We received a notice at the end of November about the yearly Controle Technique inspection that needs to be done yearly on the car. I put it aside since it seemed so far off. The holiday break began and I found the letter. In fact, instead of a deadline of the end of January, the inspection was due by Jan. 2.
In the US this would be no big deal, we would have two weeks to get it done. But, in Luxembourg, everything shuts down during the holidays. It is a ghost town the whole month of August and the week of Christmas was the same.
Dynamic websites in Luxembourg are lacking, to say the least. Websites are the same as you 10 years ago in the US. Usually there is little more than a homepage. The Societe National de Controle Technique has a quite interesting website. It shows you the multiple papers you need to bring with you and the four, yes just four, stations in the entire country, where you can get your car inspected. There is a tab for “Prise de Rendez-vous” or make an appointment.
On the letter we received it does not give you any information about where to go to get the inspection or how it is done. It is suggested that you make a reservation/ appointment but does not say it is mandatory. We looked for the first available appointment and it was for January 23rd. So we decided we would go without an appointment the next day and just wait in line.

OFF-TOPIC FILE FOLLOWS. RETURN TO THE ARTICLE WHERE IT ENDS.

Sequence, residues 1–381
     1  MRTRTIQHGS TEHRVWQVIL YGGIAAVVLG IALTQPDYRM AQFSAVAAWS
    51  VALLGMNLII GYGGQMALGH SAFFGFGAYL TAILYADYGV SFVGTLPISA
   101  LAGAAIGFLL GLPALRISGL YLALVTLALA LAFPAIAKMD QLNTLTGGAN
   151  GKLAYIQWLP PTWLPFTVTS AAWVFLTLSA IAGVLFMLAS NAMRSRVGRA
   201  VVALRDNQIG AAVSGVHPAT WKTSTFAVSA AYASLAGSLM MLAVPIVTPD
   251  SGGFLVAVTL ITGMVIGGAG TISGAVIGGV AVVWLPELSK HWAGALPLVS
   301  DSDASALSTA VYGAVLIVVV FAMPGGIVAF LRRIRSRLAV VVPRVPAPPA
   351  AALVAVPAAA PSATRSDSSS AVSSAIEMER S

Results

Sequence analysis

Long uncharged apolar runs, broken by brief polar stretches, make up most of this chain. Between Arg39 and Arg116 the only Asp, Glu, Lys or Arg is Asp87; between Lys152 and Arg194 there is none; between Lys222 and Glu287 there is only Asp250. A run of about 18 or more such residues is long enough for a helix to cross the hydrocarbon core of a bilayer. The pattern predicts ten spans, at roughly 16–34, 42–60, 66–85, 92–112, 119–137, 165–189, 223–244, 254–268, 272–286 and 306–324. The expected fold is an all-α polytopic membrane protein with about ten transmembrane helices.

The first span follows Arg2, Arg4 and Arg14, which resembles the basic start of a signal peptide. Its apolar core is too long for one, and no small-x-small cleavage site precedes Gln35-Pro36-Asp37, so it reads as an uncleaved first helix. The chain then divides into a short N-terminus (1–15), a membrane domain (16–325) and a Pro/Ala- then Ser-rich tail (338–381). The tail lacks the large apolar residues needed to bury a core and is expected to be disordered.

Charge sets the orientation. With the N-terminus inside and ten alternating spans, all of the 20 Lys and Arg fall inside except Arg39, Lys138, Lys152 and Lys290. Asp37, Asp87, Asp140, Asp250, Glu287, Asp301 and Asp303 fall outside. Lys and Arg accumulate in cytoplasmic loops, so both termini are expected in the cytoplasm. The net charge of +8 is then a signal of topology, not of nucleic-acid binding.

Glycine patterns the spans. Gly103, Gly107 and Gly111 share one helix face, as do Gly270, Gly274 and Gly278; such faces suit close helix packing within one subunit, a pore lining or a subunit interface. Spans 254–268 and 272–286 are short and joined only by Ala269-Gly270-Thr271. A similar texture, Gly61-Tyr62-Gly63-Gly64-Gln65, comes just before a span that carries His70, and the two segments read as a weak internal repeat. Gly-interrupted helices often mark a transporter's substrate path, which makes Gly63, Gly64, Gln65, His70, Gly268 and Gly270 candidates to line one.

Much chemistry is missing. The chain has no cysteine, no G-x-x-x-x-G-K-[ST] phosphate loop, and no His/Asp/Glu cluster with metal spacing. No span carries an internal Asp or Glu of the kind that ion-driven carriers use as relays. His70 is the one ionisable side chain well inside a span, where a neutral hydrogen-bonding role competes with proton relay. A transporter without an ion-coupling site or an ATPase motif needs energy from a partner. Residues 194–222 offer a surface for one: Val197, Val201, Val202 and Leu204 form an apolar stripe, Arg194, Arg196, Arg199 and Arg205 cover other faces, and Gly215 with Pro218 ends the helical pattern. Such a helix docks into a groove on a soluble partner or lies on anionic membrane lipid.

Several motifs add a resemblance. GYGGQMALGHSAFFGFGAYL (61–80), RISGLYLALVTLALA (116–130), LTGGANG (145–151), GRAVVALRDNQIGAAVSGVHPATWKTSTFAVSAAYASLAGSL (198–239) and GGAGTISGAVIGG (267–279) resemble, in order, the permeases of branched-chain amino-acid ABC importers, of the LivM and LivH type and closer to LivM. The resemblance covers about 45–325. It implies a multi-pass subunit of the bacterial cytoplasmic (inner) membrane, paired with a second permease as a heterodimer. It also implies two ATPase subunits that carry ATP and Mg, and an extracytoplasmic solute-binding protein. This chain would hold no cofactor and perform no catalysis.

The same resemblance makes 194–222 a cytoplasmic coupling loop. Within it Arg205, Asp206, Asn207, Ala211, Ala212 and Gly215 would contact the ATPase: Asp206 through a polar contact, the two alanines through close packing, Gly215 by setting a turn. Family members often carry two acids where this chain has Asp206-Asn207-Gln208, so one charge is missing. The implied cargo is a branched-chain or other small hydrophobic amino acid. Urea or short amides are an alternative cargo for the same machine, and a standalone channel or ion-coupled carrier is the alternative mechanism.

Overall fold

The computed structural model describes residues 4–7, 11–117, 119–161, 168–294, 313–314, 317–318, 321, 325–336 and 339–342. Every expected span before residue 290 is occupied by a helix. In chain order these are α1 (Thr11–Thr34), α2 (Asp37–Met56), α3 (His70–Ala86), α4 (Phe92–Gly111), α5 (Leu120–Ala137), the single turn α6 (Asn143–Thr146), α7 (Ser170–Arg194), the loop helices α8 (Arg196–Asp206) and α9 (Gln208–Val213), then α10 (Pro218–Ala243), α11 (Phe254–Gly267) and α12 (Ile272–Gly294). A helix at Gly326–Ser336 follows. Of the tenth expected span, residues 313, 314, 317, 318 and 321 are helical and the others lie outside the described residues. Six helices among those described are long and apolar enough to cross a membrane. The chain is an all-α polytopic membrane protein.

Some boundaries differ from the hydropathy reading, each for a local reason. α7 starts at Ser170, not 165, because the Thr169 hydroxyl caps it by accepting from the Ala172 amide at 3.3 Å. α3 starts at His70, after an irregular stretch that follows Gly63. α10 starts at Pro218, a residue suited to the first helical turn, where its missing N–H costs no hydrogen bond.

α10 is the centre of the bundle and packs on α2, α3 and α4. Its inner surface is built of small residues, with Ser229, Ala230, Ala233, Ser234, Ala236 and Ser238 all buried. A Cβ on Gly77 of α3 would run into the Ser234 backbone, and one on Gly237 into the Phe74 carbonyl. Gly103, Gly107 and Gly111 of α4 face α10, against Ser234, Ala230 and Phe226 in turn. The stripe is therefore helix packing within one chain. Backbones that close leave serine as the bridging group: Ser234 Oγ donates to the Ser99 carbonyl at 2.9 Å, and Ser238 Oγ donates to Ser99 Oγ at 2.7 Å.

Well, guess what, it is necessary to have an appointment. And how did we find out? We got up early Dec. 23rd and drove a half hour to sit in line for about 20 minutes, after trying to figure out where in the line we should be. We finally asked for directions and were told that we MUST have an appointment. Nowhere on the website or letter did it say this. There were about 20 cars in line and nothing seemed to be moving. We thought we would try to see if we could sneak in without an appointment.
Upon reaching the first inspection stop it was pointed out to us that we did not have an up-to-date insurance card. So, it being a holiday week we called our insurance company and raced into town to get a new insurance card before the holiday break. So, two hours later we trudged home to see what appointment would be available or if there were alternatives. The attendant also mentioned that we could just come by the next week on Monday at 8 am and take a chance to see if there were any cancelations.
Bright and early Monday morning my husband went to get the inspection and came back as he was turned away and told we MUST have an appointment. We came upon a page on the website that listed “partners” that could also do the inspection. Yeah! … Not so fast… After the few garages within a half hour radius, the best we could do was for an appointment on Jan. 6th. Technically you cannot drive your car in Luxembourg without a valid controle technique. But, what could we do?
My husband made the appointment for me (his French is much better than mine his being French and all) and I take care of the inspection myself. We had an address and where told to come at 8:30 am on the 6th. There were two garages with the same name listed near each other online and I wasn’t sure which one to go to. The garage is for trucks – big industrial trucks – and is located in an industrial park that I had been to when I changed the winter tires.